Wednesday, September 4, 2013

When Church and State Collide

There has been a major debate over a small time bakery and other businesses that refused service—based on religious belief—to gay couples preparing for marriage. In some cases suits were filed and won by the gay couples. This is not about the cases themselves, but the dangers that lie ahead.

Let's begin by my stating that I do believe a business has the right to refuse service for many reasons. I think businesses that don't want to serve gays should put up a sign to indicate their desire. This would give gays and their supporters notice to not spend money with these businesses. The greatest part of being American is the right to make choices, especially informed choices.

We often wonder from what vantage point a person writes, so I want to state that I personally don't believe government should be involved in marriage because all Americans should be equal under the law. Because government chose to interject itself in personal relationships, a dangerous door was opened.

Conservative Christians are quick to tell us that marriage is between a man and a woman, as well as a rite belonging to the Christian doctrine. Let's for a moment assume they are correct and marriage is property of the Christian church.

Those service businesses in question have chosen to base their decision of not serving on religion. The gay couples wanting to be married are doing so because without marriage they cannot enjoy certain liberties. A judge has said that marriage affects 1100 different laws and regulations. One of the most discussed aspects are taxes and inheritance. If there were no advantages to filing a joint tax return, there would be no need for that aspect of the tax code. No matter if the couple is of the same sex or traditional, they seek marriage for the same reasons, it makes legal sense.

If marriage belongs to the Christian religion, could it not be said that the church uses government to force a Christian practice on non Christians? Those businesses—and their supporters—that refused service are angry that government is forcing them to participate in a function with which they disagree on religious grounds.

Let's turn this around and look at the many things forced on non Christians. There are holidays such as Christmas and Easter that are Christian. Even though Easter isn't on the list of federal holidays, federal workers are dismissed on a designated day to give them an extended weekend. In essence, federal workers are required to participate in Christian holidays no matter their personal belief.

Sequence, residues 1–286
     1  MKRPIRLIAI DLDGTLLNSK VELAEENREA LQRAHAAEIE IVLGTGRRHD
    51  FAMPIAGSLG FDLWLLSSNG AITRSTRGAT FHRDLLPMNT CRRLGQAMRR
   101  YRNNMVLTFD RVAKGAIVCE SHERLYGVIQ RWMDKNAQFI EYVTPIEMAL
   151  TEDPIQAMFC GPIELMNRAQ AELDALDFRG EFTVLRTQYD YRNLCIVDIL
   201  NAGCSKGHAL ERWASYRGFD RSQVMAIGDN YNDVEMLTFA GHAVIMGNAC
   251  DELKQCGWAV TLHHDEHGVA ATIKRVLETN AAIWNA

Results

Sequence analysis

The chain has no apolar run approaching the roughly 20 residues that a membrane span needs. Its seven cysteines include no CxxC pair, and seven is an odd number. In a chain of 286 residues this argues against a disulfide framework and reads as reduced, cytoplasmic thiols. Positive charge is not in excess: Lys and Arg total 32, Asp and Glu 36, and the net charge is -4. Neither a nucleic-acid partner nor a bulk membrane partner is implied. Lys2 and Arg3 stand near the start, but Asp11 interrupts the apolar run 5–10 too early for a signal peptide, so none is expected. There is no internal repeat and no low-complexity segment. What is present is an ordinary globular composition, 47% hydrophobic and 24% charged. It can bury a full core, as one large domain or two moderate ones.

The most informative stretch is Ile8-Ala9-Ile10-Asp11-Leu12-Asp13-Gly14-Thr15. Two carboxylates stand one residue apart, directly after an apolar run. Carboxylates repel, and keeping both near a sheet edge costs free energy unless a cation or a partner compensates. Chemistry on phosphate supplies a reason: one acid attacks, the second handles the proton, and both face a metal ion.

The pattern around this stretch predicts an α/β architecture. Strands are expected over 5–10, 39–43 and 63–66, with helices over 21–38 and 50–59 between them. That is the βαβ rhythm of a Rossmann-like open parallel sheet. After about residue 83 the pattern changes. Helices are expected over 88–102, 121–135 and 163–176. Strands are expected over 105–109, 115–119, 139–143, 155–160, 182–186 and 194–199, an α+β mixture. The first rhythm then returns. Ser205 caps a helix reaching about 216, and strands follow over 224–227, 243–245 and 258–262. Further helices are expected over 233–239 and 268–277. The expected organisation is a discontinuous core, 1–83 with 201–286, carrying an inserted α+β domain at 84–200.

When Americans are elected to office or become an officer in the military they are required to give an oath in the name of God. We find the Ten Commandments on the wall of the Supreme Court. We find religion mixed with government in too many places to mention.

Because Christianity is already a part of government, the church has given a part of itself to government. Because of this marriage between religion and State, one can't be surprised when government begins directing when and where personal religious beliefs cannot be applied.

When the church applies for a tax exemption, they know that exemption comes with strings. There are certain things the church can't do once they accept the exemption, such as limitations on political activities. Once government began making laws that favored citizens who are married, it then claimed the power to insure those favoritism are applied equally to all.

Too often the line between government and religion is blurred. Government locates election polls in churches and other buildings belonging to the church. When asked to testify in a court of law a bible is offered on which you must place your hand—there are alternatives. But the fact that it is offered in a government proceeding should be worrisome to the Christian church. Christians might wake someday to find rites from other religions forced on them. Until the church separates itself from government, it can't be surprised when government tells people when and where they can practice their faith.

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